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To see it all in one team

When you have a system that allows all the information to be centralized on a screen, the monitoring and control of the images becomes much easier.
by *RGB Spectrum

Multi-signal display processors are used in control rooms to present visual elements and data, as well as facilitate group decision-making. This solution can be a multiple viewfinder with a single screen or a multi-screen video wall. The processor supports the selection of the inputs, the size and position of the windows in which they are displayed.

To facilitate understanding, greater emphasis can be achieved by adjusting the size and position of windows, as well as by juxtaposing related information. The cursor on the screen allows you to control the processor and can also be used as a pointer. However, conventional systems offer limited mechanisms for the control of source images; what is needed is an application that combines control of the display space and source inputs without interruption. The techniques described in this article represent a solution to this problem.

As described below, a complete system consists of a control computer, image sources, and display processor connected over a network or networks. Image sources can include computing devices, as well as keyboard- and mouse-controlled video sources, such as PTZ (pan, tilt, zoom) cameras or digital video recorders (DVRs). A source computer can be any computer-based device that provides video, including data, images, or streaming from live sources. In each of the control equipment a remote data access agent configured to communicate with the control computer through an IP network is installed, the latter is used to configure and manipulate each of the connected devices.

Let's look at some of the most common monitor, keyboard, and mouse (KVM) applications, such as GoToMyPC® and pcAnywhere®. Such applications rely on IP networks for video transport and control. However, the low video resolution and slow response time are typically due to the limited bandwidth available on IP networks. This, on the other hand, is not a problem for the transmission of keyboard and mouse input signals, since the bandwidth requirements for keyboard and mouse control are minimal. However, for optimal video quality, remote computers can connect to the display processor through a video interface, such as a digital visual interface (DVI).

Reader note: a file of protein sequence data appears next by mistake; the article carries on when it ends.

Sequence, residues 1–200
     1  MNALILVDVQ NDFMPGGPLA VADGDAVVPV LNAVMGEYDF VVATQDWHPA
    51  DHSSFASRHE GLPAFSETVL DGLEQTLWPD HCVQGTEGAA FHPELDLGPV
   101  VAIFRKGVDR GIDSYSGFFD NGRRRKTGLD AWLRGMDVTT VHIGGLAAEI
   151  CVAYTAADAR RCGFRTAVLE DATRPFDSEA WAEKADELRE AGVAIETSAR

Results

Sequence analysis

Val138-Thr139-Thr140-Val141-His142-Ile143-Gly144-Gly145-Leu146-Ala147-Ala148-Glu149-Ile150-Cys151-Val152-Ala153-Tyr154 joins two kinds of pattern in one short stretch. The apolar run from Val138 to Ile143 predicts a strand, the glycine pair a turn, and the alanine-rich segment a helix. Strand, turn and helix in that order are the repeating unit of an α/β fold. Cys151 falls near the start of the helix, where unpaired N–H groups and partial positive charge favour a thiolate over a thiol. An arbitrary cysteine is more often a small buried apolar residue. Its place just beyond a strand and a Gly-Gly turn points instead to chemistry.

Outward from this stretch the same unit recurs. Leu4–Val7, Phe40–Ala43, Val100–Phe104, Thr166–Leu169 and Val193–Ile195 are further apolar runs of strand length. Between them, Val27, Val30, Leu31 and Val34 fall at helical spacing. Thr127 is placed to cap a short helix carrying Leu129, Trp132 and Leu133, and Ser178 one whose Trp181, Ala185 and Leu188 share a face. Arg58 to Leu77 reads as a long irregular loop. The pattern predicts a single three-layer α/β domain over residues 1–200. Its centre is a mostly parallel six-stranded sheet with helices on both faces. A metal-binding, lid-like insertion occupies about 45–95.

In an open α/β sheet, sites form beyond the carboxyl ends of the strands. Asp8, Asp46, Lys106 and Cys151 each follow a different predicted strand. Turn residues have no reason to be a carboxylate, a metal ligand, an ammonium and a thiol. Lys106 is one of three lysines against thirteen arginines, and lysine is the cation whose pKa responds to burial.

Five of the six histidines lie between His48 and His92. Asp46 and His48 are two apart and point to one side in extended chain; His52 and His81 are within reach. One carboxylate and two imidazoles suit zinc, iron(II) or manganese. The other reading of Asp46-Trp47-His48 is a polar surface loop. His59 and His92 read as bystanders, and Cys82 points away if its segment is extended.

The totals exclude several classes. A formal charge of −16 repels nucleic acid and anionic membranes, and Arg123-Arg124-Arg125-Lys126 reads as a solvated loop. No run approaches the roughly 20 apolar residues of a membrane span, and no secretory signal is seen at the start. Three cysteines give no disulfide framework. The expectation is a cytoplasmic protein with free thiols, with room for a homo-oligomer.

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Multiple images, a single screen

RGB Spectrum has developed a solution that can be used with its multiple viewfinders and display wall processors, called the KvM Integrated Control System. This system is a hybrid that combines direct video connection and IP connection for keyboard and mouse; hence the change in the nomenclature of the KVM industry standard to "KvM". Video inputs are routed directly to the processor and synchronized with control signals transmitted over the IP network. This hybrid solution provides high bandwidth for video signals and flexible data transfers for keyboard and mouse signals. Video over IP technology may also be used in cases where direct video connection is not possible due to distance or other reasons.

Figure 1 is a graphical representation showing an example of an integrated visualization and control system. The control of IP networks can be one of the many possibilities, with Ethernet being the most common.

The display processor, control computer, and source computers have unique IP addresses. A Remote Data Access Agent (RDA) is installed on each of the control computers. To create a secure session, passwords and encryption systems for private keys and public keys are used between the source computer and the control computers. Mechanisms such as Transport Layer Security (SSL), Secure Sockets Layer (SSL), and Secure Shell (SSH) can also be used to provide greater security.

A complete system also requires an effective user interface to control the display processor and source computers. A particularly suitable system would offer: